Rule of Three
This poll analysis confirms a lot of things that have been fairly obvious for quite some time: 1) young voters are liberal on social issues and lack a go-to ideology on economic issues; 2) young voters are less partisan; 3) young voters were more motivated by the campaign of Barack Obama in 2008 than they were the principles of the Democratic Party.
As someone who supports a strong party system, one point in here is particularly jarring: the re-consideration of the Rule of Three. According to the Rule of Three, once a person has voted for a particular party in three consecutive elections (generally their first 3 elections), they develop a loyalty to that party that is hard to shake.
But according to this NYT analysis: “Some academics who study voting patterns say that the rule of three is too simplistic, and that lots of factors combine to determine a person’s place on the political spectrum. Individual votes, said Donald P. Green, a professor of political science at Yale who studies voter behavior, matter less than the social fabric that people grow into — in jobs, social life, community and values.”
Over the past few decades there has been a steady erosion of ancestral party ties; now it seems people are less likely to even reliably stick with a party they choose themselves.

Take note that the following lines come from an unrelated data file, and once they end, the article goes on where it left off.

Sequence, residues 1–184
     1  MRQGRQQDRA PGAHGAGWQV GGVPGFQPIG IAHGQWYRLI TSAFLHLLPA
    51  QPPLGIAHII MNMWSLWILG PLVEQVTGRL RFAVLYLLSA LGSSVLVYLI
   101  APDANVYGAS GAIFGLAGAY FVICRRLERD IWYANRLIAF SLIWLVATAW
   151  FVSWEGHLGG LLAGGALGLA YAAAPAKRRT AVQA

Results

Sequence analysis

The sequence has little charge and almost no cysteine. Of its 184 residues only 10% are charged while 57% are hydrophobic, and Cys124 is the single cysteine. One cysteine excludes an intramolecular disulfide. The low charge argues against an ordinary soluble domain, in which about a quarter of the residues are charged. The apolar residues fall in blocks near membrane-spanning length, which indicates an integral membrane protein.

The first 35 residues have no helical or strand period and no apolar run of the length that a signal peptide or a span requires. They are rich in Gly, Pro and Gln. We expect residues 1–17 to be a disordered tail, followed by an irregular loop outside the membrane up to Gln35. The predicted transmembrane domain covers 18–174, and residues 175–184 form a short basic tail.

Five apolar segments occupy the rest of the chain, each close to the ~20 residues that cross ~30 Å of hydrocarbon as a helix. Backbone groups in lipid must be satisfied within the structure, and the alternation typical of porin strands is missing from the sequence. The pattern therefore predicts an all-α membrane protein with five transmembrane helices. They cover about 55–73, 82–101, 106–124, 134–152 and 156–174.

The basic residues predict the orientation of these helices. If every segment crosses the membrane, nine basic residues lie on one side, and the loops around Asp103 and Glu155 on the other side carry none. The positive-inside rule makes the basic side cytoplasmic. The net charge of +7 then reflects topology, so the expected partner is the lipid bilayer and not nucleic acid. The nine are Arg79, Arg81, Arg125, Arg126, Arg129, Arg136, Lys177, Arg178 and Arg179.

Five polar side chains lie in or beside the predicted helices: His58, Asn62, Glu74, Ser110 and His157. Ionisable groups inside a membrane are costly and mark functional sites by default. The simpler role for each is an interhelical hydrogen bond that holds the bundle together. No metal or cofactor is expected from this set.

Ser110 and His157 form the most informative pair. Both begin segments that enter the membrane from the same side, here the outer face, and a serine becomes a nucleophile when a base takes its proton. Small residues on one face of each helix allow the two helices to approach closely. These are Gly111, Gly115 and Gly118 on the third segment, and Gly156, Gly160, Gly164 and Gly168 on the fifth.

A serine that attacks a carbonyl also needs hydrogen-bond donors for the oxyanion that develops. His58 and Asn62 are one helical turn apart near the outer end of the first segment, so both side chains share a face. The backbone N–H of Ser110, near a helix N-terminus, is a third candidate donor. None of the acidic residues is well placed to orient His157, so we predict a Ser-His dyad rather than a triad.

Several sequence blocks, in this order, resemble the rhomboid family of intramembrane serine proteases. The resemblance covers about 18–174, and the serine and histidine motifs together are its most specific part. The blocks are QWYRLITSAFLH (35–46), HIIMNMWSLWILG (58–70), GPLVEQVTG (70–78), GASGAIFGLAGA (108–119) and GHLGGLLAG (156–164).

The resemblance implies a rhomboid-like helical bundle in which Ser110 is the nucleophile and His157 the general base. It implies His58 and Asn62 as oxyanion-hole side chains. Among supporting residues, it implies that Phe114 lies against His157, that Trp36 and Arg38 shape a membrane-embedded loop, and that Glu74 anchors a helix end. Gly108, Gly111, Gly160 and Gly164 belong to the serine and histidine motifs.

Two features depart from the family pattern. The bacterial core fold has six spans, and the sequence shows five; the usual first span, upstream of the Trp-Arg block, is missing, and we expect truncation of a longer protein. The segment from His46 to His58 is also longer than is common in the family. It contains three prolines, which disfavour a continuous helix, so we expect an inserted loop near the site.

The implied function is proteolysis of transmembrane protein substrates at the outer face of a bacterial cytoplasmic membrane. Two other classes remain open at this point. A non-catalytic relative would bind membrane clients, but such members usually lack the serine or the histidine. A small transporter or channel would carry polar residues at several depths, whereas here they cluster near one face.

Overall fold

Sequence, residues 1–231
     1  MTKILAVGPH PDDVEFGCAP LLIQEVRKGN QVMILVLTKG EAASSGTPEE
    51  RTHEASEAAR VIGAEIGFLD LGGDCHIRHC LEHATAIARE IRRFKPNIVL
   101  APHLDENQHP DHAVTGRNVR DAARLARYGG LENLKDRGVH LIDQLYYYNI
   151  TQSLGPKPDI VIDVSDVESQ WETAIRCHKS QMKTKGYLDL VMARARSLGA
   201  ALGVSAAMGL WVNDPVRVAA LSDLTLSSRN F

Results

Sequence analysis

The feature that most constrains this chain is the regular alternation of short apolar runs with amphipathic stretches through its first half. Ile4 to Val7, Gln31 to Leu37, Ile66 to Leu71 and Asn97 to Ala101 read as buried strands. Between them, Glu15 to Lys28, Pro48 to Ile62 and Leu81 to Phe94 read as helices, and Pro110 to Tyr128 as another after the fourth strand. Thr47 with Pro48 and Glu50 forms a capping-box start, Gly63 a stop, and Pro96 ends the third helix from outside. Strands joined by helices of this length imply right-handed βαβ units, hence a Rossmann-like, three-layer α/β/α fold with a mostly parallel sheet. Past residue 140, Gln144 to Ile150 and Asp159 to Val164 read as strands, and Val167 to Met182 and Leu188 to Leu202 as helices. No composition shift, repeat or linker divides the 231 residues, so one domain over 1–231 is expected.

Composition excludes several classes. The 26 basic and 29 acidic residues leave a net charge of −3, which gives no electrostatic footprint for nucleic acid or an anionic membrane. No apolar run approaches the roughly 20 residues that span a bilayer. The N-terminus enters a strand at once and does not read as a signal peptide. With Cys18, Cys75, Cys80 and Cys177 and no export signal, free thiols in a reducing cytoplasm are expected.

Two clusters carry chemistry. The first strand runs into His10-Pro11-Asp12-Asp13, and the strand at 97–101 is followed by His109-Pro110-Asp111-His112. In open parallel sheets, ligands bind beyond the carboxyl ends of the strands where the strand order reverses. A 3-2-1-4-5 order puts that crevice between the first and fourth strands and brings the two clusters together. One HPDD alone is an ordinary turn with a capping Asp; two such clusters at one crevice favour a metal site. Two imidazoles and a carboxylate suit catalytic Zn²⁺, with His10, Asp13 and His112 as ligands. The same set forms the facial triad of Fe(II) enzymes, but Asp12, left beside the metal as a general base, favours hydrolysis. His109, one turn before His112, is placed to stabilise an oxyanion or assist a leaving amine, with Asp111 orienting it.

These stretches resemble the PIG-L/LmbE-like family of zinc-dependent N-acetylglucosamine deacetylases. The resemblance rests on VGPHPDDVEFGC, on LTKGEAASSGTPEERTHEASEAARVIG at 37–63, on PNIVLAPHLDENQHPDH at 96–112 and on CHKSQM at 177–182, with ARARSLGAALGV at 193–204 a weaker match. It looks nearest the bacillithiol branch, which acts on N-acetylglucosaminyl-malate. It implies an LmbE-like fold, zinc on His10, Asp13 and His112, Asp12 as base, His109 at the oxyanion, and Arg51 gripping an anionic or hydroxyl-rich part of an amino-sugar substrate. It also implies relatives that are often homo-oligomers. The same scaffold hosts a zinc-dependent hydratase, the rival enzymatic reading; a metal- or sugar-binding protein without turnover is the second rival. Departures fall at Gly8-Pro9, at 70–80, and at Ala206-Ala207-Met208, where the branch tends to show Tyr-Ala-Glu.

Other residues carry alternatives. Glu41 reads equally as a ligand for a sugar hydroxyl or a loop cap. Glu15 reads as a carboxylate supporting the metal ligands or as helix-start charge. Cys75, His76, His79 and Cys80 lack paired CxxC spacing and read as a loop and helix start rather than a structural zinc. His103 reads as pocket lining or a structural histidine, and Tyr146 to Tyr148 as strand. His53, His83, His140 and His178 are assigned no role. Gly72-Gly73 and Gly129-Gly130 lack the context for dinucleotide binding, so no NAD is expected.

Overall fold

I know defending the party system is unpopular, particularly in online political discussions in which the limitations of party politics are a common topic. There will always be independents, there will always be third party voters, and there will always be people who don’t feel comfortable identifying as Democrat or Republican (or liberal or conservative for that matter) and choose to flip their vote with the circumstances of a given election. That’s fine. But without a core of loyal partisans (replenished with each generation), parties are less likely to hold onto a stable set of principles, instead needing to build a voter coalition that helps carry them over whichever electoral threshold they currently face. Candidates themselves become less dependent on their respective parties and often instead turn to showboating for campaign dollars and headlines. And the irony is, the more embarrassing the state of American politics becomes as a result of weakened parties, the more fed up voters become with politicians, the more likely voters are to blame partisanship and sever allegiance with their Party.